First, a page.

Bladder leakage—it’s the unladylike postbaby side effect everyone is dealing with but no one wants to talk about.
I recently shared a laugh with a close friend as we discussed a new fitness class that’s hot in our area. It’s a fast-paced cardio dance class with upbeat music and instructors who look like they leapt off the pages of a Lululemon catalog. The moves are fun and effective … but there’s a lot of jumping involved (plyometrics, burpees, that kind of thing). For us moms, all that bouncing can mean increased opportunities to dampen our pants in public. As my friend and I joked about wearing black and standing by the exit closest to the lavatory, I had a couple of thoughts: (1) I know we’re not the only moms dealing with this shiz. (2) On the other hand, I have fitter-than-me mom friends who seem to have no problem jump-squatting, jumping-jacking and double-rope-jumping from here until eternity. What’s the secret of their triumph over incontinence?
Why we leak
Loss of bladder control has everything to do with the pelvic floor muscles—the same group of muscles that work overtime to support the expanding uterus during pregnancy, only to be completely abused when it’s time for delivery.
These muscles will stretch and strain—and maybe tear—during childbirth, leading to issues of incontinence that can begin immediately and/or wreak havoc in decades to come. When pelvic floor muscles are weak, the bladder tends to leak with every forceful movement. (Think jumping on a trampoline, working out or even sneezing.)
With age and successive pregnancies, pelvic floor muscles grow increasingly weaker unless something is done to counteract their depletion. In some cases, women eventually suffer organ prolapse, where the bladder falls from its normal position down into the vagina, causing more problems and possibly requiring surgery.
What we can do about it
Good news: We do not have to resign ourselves to buying panty liners in bulk for the next 50 years! While some cases involve vaginal tearing or organ prolapse severe enough to require surgery (ask your OB to refer you to a urologist if you think you might fall into this category), most of us can take control of our pelvic floors independently, with simple everyday practices.
Kegels are the most basic strengthening exercises for the pelvic floor. Named for the gynecologist who began to prescribe them in the 1940s, Kegel exercises are the repeated contracting and relaxing of the pelvic floor muscles. Kegels are safe to practice any time; they should be made a habit during pregnancy and reintroduced soon after delivery (even before you leave the hospital.)
To do Kegels, pay attention to the muscles in play when you go to the bathroom. The same muscles you use to stop and start the flow of urine are those we’re working with here. When you begin, you might only be able to tighten the pelvic floor muscles for a couple seconds at a time, but practice several sets every day, and your endurance will build up so that you’re gradually holding stronger and longer before releasing.
Although Kegels are a great start, “Simply doing Kegels may not be enough,” says Lia G. Andrews, DAOM, LAc, author of The Postpartum Recovery Program. Welcome to the world of vaginal weight-lifting. (Who knew, right?) Andrews recommends strength training with jade eggs (a traditional Daoist method) or modern vaginal weights, starting about four to six weeks after giving birth, when the vaginal area has healed.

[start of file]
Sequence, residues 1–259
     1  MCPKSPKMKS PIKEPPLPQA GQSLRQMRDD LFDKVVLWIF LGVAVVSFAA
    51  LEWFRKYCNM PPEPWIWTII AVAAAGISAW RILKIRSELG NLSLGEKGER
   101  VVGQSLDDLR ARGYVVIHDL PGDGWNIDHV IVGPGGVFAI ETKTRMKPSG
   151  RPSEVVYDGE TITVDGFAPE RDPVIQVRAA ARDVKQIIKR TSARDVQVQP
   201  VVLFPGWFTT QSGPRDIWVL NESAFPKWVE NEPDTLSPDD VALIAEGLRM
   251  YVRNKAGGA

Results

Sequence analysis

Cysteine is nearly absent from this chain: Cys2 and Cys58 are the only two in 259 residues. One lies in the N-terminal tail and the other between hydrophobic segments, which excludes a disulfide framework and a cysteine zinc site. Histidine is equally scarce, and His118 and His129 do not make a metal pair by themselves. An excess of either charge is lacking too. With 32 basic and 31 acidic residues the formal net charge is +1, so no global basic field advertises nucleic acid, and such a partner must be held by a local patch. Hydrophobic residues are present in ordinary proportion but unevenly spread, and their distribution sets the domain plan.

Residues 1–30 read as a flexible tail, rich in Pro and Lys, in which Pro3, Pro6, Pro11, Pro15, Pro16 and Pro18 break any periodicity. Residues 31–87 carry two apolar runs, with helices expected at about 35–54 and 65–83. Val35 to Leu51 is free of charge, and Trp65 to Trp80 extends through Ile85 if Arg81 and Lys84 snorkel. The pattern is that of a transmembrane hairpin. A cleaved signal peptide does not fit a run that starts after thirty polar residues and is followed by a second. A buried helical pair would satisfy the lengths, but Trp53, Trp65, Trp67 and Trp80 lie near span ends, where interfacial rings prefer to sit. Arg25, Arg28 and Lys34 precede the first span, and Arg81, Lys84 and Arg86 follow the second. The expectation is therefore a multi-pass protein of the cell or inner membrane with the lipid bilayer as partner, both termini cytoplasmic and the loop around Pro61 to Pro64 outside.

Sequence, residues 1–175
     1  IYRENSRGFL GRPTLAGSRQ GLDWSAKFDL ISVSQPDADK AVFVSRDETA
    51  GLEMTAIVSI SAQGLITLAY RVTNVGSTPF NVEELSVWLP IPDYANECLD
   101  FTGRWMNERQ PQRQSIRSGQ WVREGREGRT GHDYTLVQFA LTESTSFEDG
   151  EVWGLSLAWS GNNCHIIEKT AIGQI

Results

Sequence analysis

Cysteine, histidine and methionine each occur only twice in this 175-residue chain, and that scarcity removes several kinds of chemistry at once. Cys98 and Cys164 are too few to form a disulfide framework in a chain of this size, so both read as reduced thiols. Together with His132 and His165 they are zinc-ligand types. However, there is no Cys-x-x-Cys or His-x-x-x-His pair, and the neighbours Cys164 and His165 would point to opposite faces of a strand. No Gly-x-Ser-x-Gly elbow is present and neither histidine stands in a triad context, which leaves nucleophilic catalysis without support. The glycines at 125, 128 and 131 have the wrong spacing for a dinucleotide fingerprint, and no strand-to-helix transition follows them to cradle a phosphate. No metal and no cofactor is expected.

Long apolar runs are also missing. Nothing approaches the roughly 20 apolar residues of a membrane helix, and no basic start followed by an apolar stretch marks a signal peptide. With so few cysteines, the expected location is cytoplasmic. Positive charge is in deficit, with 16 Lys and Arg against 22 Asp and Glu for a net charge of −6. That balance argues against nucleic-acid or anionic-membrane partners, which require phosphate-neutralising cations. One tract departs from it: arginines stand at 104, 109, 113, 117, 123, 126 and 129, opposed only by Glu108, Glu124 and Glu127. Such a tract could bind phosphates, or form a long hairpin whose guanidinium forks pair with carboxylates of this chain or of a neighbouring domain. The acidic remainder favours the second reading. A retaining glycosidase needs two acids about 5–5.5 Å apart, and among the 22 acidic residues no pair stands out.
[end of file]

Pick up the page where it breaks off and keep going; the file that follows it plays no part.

A jade egg or weight is inserted into the vagina like a tampon with a removal cord hanging down; you then use your pelvic floor muscles to clench and lift the weight, giving you more resistance than you would have with Kegels alone. Depending upon the tools you use, you’ll be working toward lifting heavier weights or clenching smaller objects. No one will see these fitness results, but you stand to benefit in more ways than one—pelvic floor exercises are said to increase sexual pleasure and deliver stronger orgasms, too.
Overall health for better control
“It’s important to understand that your pelvic floor muscles don’t stand alone,” stresses Michelle Ishio, CPT, postpregnancy rehab specialist. “Your diaphragm, abdominal muscles and back muscles contribute to the integrity of your pelvic floor muscles.”
Ishio’s rehabilitation methods include, first, maintaining good neutral posture. When the pelvis is pushed back too far (like when you’re wearing high heels) or jutted forward (like when you have a baby on your hip), you’re impeding pelvic floor recovery. Second, Ishio coaches, “Always contract your pelvic floor and abdominal muscles (at the same time) whenever you have short bouts of exertion. Doing this will help retrain your muscle reaction to exertion.” Your pelvic and abdominal muscles will improve hand in hand. After recovering from childbirth, you will likely be eager to hit the gym, rework your overall shape and fit back into your old clothes. Lifting weights and performing high-impact moves will put stress on your pelvic floor; fortunately, when you act on Ishio’s advice and push back with pelvic muscle contraction, you can train your body to react healthfully to this stress rather than allowing leakage.
Nutrition plays a part, too. Overweight women are more likely to have issues with incontinence and prolapse because of the extra weight their pelvic floor muscles must bear. Maintaining a healthy weight will remove some of this stress. As your postpartum hormones come back into balance and you work to recover muscle strength, make diet choices that will support your efforts. Anti-inflammatory foods and lean proteins will help you on your way.